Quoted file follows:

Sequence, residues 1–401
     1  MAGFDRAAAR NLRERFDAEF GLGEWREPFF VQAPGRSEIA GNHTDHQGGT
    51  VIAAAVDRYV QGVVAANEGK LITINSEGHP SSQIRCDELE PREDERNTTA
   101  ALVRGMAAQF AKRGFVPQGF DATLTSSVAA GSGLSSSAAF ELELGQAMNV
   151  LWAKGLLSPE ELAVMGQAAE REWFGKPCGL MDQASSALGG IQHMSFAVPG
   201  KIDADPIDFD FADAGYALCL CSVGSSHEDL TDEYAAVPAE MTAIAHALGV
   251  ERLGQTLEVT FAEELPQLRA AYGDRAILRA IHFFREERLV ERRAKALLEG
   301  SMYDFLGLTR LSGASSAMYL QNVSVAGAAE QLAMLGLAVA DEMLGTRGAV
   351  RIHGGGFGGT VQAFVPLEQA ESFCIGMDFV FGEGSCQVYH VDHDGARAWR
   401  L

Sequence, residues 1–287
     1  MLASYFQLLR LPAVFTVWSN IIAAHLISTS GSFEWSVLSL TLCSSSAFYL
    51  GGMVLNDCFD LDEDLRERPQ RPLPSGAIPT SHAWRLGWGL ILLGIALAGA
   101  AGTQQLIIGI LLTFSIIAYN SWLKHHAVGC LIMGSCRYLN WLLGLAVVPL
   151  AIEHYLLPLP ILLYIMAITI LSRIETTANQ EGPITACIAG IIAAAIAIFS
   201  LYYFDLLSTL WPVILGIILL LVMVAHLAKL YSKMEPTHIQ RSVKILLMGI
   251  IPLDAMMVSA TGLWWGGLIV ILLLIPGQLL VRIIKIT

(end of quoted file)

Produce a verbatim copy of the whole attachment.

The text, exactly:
Sequence, residues 1–401
     1  MAGFDRAAAR NLRERFDAEF GLGEWREPFF VQAPGRSEIA GNHTDHQGGT
    51  VIAAAVDRYV QGVVAANEGK LITINSEGHP SSQIRCDELE PREDERNTTA
   101  ALVRGMAAQF AKRGFVPQGF DATLTSSVAA GSGLSSSAAF ELELGQAMNV
   151  LWAKGLLSPE ELAVMGQAAE REWFGKPCGL MDQASSALGG IQHMSFAVPG
   201  KIDADPIDFD FADAGYALCL CSVGSSHEDL TDEYAAVPAE MTAIAHALGV
   251  ERLGQTLEVT FAEELPQLRA AYGDRAILRA IHFFREERLV ERRAKALLEG
   301  SMYDFLGLTR LSGASSAMYL QNVSVAGAAE QLAMLGLAVA DEMLGTRGAV
   351  RIHGGGFGGT VQAFVPLEQA ESFCIGMDFV FGEGSCQVYH VDHDGARAWR
   401  L

Sequence, residues 1–287
     1  MLASYFQLLR LPAVFTVWSN IIAAHLISTS GSFEWSVLSL TLCSSSAFYL
    51  GGMVLNDCFD LDEDLRERPQ RPLPSGAIPT SHAWRLGWGL ILLGIALAGA
   101  AGTQQLIIGI LLTFSIIAYN SWLKHHAVGC LIMGSCRYLN WLLGLAVVPL
   151  AIEHYLLPLP ILLYIMAITI LSRIETTANQ EGPITACIAG IIAAAIAIFS
   201  LYYFDLLSTL WPVILGIILL LVMVAHLAKL YSKMEPTHIQ RSVKILLMGI
   251  IPLDAMMVSA TGLWWGGLIV ILLLIPGQLL VRIIKIT